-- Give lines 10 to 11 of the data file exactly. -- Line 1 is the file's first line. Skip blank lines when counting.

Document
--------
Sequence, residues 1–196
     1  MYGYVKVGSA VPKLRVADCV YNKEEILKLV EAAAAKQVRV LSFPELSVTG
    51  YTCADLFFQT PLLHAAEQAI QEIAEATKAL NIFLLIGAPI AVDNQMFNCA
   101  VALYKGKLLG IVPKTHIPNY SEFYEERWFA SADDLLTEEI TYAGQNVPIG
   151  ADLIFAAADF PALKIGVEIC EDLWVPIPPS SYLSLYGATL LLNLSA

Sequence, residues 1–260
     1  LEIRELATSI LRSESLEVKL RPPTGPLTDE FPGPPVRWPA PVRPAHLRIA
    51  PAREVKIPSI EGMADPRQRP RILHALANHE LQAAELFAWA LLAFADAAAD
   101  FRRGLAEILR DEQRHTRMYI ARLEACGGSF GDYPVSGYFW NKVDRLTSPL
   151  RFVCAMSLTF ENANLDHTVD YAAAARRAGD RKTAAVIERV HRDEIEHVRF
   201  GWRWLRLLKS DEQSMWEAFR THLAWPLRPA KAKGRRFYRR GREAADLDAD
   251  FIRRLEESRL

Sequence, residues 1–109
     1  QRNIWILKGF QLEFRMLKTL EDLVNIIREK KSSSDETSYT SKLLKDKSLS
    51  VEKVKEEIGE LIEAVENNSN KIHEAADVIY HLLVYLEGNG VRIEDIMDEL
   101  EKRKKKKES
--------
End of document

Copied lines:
   151  RFVCAMSLTF ENANLDHTVD YAAAARRAGD RKTAAVIERV HRDEIEHVRF
   201  GWRWLRLLKS DEQSMWEAFR THLAWPLRPA KAKGRRFYRR GREAADLDAD